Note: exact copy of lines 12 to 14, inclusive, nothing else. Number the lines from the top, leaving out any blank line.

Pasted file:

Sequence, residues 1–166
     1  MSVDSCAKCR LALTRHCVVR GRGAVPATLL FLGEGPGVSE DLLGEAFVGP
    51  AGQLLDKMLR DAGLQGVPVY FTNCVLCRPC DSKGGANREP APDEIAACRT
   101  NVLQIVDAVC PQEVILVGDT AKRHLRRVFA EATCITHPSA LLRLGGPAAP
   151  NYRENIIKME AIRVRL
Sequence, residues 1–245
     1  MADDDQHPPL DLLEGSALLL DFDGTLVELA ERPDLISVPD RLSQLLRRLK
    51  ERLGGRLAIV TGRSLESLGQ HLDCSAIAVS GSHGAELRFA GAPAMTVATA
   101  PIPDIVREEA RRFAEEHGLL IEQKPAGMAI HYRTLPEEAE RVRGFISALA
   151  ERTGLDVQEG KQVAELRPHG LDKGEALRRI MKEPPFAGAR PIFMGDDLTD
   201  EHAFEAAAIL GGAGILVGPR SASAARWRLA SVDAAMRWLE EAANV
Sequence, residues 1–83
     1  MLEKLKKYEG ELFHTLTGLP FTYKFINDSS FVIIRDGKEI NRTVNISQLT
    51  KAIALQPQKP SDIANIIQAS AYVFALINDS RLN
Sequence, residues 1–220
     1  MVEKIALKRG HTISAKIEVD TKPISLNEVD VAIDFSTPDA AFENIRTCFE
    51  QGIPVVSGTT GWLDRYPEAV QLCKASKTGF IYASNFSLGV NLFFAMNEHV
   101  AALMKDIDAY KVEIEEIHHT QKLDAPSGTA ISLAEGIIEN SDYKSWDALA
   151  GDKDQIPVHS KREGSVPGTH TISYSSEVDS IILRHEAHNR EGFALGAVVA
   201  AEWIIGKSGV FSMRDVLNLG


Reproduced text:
Sequence, residues 1–83
     1  MLEKLKKYEG ELFHTLTGLP FTYKFINDSS FVIIRDGKEI NRTVNISQLT
    51  KAIALQPQKP SDIANIIQAS AYVFALINDS RLN